Below is an image of the base to a Boyar schultz grinder, the streaked section is low .010in. This extraordinary amount was due to paint and grit wearing from an improper paint job getting paint on the saddle way.
    img_2306.jpg

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    Another practical way to assess quickly the effect of wear on linearity, bring a trusty parallel, a few shims, a tenth indicator on magnetic base and a ruler: place the parallel first along the table axis, shim it so that it doesn't rock and write down the reading of the indicator every inch or two. Repeat it for the saddle ways. Then plot the data: you aren't necessarily looking at an horizontal line (shimming the parallel to have a zero-zero reading is just a waste of time, you just need to shim it enough for it not to rock on the table or chuck), but the result of the plot should be a rather straight line. Any deviation from straight will translate in curvature on the part you want to grind flat.
    I hope my description of the procedure is understandable. This test will take you less than five minutes.

    Paolo

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    Quote Originally Posted by Jarrod View Post
    Was it bad enough that you could see the wear show up in the finished piece parts you ground?

    Did you rebuild, sell or grin and bare it?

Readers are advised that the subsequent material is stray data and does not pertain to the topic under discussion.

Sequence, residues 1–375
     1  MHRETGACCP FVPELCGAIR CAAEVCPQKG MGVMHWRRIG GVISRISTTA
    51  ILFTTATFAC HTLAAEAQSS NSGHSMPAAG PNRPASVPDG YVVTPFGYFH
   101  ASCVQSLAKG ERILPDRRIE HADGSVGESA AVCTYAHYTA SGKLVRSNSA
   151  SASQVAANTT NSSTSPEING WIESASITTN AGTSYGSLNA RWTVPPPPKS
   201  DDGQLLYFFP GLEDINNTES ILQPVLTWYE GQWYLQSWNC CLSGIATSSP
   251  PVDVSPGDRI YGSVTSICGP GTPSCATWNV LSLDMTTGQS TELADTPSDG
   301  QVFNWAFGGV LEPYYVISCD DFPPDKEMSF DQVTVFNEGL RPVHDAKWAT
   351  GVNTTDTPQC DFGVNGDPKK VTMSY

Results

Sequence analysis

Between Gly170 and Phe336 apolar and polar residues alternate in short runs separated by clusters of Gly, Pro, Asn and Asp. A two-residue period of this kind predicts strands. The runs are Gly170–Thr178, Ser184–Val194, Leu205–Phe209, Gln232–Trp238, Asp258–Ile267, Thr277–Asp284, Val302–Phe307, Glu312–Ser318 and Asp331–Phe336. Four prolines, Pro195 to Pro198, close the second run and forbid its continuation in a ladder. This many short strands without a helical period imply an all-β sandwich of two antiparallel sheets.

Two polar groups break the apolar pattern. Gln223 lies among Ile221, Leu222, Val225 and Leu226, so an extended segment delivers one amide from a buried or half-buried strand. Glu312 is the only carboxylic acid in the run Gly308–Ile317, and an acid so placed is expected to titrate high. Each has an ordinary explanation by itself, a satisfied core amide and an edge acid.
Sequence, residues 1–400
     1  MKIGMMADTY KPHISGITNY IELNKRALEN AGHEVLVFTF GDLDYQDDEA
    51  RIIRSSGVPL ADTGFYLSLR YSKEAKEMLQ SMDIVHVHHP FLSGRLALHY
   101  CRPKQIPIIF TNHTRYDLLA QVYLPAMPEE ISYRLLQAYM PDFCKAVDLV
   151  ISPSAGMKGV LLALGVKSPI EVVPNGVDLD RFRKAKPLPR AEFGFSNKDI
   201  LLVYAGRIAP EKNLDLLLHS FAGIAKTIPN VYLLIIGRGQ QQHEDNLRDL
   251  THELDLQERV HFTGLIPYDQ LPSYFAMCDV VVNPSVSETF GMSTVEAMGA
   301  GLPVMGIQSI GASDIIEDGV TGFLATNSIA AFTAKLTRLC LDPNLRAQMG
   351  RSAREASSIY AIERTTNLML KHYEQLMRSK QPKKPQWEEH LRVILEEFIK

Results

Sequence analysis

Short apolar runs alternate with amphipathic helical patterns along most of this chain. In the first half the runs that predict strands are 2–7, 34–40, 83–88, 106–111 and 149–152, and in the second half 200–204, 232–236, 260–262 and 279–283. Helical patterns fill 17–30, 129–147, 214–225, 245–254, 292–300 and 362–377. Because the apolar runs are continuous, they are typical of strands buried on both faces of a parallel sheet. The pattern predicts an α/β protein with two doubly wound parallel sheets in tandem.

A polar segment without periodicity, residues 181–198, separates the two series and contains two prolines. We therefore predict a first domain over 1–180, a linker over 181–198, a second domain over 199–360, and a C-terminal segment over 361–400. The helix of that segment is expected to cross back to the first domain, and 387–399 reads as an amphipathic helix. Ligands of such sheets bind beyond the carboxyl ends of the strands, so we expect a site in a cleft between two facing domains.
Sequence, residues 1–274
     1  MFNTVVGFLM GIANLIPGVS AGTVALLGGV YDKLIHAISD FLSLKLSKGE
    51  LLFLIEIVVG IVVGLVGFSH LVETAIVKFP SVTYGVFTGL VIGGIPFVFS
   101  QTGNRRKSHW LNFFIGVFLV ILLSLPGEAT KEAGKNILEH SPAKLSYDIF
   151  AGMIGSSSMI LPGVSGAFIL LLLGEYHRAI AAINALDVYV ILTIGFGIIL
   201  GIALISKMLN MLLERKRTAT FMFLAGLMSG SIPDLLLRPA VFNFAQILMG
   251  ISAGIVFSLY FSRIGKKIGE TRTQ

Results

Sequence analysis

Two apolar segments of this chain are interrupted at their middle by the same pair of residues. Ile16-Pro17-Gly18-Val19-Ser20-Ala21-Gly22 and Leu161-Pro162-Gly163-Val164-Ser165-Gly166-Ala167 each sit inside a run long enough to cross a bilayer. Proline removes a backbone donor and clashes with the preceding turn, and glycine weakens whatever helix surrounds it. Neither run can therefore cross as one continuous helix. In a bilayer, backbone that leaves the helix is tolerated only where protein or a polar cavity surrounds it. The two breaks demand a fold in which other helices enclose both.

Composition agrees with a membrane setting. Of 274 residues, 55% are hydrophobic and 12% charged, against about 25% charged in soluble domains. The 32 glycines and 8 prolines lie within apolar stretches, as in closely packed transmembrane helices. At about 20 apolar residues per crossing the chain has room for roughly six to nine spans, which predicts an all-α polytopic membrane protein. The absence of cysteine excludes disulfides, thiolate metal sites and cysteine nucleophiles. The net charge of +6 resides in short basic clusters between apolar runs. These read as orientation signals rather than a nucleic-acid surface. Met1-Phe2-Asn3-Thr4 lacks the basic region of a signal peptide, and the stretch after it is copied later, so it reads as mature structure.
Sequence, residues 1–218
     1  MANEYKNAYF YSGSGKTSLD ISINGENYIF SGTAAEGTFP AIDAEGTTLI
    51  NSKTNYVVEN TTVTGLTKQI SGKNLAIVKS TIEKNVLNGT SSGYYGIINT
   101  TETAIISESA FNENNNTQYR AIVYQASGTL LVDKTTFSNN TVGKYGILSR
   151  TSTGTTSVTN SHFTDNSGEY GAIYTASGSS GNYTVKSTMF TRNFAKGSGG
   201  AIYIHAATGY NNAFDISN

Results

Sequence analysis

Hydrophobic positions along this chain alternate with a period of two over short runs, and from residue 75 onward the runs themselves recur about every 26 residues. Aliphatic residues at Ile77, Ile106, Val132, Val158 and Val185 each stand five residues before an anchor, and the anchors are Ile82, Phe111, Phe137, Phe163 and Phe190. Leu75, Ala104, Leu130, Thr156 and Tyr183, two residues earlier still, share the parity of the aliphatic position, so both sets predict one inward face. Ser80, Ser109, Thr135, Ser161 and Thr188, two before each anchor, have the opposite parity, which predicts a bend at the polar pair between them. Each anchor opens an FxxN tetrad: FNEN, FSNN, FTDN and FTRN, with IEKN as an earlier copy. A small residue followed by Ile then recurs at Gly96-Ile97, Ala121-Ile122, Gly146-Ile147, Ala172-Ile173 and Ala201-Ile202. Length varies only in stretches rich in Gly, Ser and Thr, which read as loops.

None of the above. I needed the room for a HLV and accessories into my workshop is very difficult so I sold the chuck and wheel adapters, robbed any useful bits and smashed it up with a sledge hammer, gave it to the scrap man.

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    Quote Originally Posted by Peter. View Post
    None of the above. I needed the room for a HLV and accessories into my workshop is very difficult so I sold the chuck and wheel adapters, robbed any useful bits and smashed it up with a sledge hammer, gave it to the scrap man.
    That's bad ass!

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    Probably should have mentioned, the grinder isn't under power.

    The fellow selling it, who is very honest, has had it sitting on the pallet since he got it. I'm not entirely sure he knew how to use it, but he got it on a bad debt from a company he dealt with. They went belly up and gave him the machine to settle. It's been sitting there idle ever since.